What are Nephrons?

Nephrons = filtration units

Mammals have paired kidneys. In cats, each is composed of about 200,000 filtration units called nephrons. Individual nephrons can be subdivided into four different regions: the renal corpuscle; the proximal convoluted tubule and straight tubule; the descending and ascending thin limbs of the loop of Henle; the thick ascending Loop of Henle and distal convoluted tubule; and the collecting duct, which transports urine into the renal pelvis. The loop of Henle is formed by the proximal straight tubule, the descending thin limb, the ascending thin limb and the thick ascending limb. The primary role of the loop of Henle is to concentrate the urine and reclaim water for the body
(= reabsorption).

Construction of a Nephron

Renal corpuscle

The renal corpuscle is the place of origin of the initial urine (=primary urine). It is the site of filtration from the blood of certain substances and water to produce primary urine. The renal corpuscle consists of the glomerulus, which is enclosed by the Bowman’s capsule. The glomerulus resembles a ball of blood vessels. The afferent arteriole branches, entering the glomerulus where the blood is filtrated, removing substances for excretion in the urine in addition to water and solutes, including electrolytes.  The filtrated blood exits the renal corpuscle via the efferent arteriole. The Bowman capsule collects the filtrated substances (including electrolytes) and water, and conveys them to the proximal tubule, the longest part of the nephron.


Proximal convoluted tubule and straight tubule

This region of the nephron starts with the proximal convoluted tubule before becoming the proximal straight tubule, which is the first section of the loop of Henle. In the proximal tubule, beneficial substances such as sodium, sugar (glucose), bicarbonate (the blood’s buffer substance for maintaining pH) and amino acids are recovered (= reabsorbed) from the urine, and thus retained for the body. At the same time, substances are also secreted into the urine at the proximal tubule. These include uric acid.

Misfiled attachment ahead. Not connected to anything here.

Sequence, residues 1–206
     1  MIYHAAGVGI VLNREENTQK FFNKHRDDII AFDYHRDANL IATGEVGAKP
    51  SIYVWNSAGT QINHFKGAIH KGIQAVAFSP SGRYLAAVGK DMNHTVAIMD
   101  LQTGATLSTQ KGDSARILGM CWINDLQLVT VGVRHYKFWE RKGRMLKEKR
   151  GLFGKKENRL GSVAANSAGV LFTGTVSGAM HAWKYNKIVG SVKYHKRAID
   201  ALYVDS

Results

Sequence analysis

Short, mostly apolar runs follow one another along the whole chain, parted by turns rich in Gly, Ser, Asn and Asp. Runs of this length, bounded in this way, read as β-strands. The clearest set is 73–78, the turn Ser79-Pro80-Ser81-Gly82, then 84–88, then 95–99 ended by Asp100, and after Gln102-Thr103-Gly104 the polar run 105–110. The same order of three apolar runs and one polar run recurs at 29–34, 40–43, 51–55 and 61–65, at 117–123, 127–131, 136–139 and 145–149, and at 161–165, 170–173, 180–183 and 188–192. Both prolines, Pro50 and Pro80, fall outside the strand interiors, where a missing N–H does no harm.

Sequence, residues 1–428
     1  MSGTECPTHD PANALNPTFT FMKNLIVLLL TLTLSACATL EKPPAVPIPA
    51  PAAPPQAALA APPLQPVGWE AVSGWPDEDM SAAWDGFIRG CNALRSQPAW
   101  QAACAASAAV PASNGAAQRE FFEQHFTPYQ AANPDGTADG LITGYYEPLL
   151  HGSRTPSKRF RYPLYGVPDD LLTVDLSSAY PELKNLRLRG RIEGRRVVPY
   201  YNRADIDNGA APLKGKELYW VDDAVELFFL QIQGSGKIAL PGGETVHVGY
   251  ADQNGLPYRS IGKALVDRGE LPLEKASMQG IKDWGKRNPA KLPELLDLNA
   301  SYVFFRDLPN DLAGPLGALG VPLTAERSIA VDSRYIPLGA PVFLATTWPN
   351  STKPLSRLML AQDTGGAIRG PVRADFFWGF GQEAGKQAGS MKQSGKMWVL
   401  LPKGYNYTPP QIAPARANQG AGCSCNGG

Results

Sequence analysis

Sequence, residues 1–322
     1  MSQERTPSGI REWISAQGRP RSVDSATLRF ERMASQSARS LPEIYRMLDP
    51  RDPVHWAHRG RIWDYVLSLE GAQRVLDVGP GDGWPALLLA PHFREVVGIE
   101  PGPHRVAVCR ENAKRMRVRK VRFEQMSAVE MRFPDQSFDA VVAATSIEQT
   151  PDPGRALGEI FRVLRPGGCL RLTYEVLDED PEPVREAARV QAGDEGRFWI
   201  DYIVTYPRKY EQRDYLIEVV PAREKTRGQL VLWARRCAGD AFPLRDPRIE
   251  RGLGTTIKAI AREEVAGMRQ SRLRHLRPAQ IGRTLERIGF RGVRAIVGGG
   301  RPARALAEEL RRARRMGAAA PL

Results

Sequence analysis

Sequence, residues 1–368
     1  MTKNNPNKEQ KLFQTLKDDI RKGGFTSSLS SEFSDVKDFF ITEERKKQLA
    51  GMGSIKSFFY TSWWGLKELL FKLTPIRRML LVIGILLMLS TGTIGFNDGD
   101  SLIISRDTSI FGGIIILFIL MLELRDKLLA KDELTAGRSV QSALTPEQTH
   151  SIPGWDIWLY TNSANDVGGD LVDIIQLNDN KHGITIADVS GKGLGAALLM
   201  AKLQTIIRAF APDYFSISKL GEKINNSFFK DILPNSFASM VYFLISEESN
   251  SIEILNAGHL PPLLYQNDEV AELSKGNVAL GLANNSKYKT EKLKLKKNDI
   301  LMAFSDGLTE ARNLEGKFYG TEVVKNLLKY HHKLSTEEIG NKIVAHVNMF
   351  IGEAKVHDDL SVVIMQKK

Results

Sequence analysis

Descending and ascending thin limbs of the loop of Henle

This region is responsible for recovering water (= reabsorption) and, hence, for further concentrating the urine. It forms the loop section of the loop of Henle, connecting the proximal and distal tubules.


Thick ascending limb and distal tubule

This region is a virtual mirror image of the proximal tubule and consists of the thick ascending limb (straight) of the loop of Henle and the distal convoluted tubule. It is responsible for recovering water and salt (sodium chloride = common salt) from the urine. It flows directly into the connecting tubule, which transports the urine onwards towards the renal pelvis.


The progression of the disease is unstoppable – CKD becomes progressively worse

Chronic kidney disease in cats has no cure. It is invariably progressive, leading to an increasing loss of nephrons (= kidney filtration units), which are then replaced by scar tissue. The result is increasing deterioration of kidney function. However, clinical symptoms are often first observed months or even years later.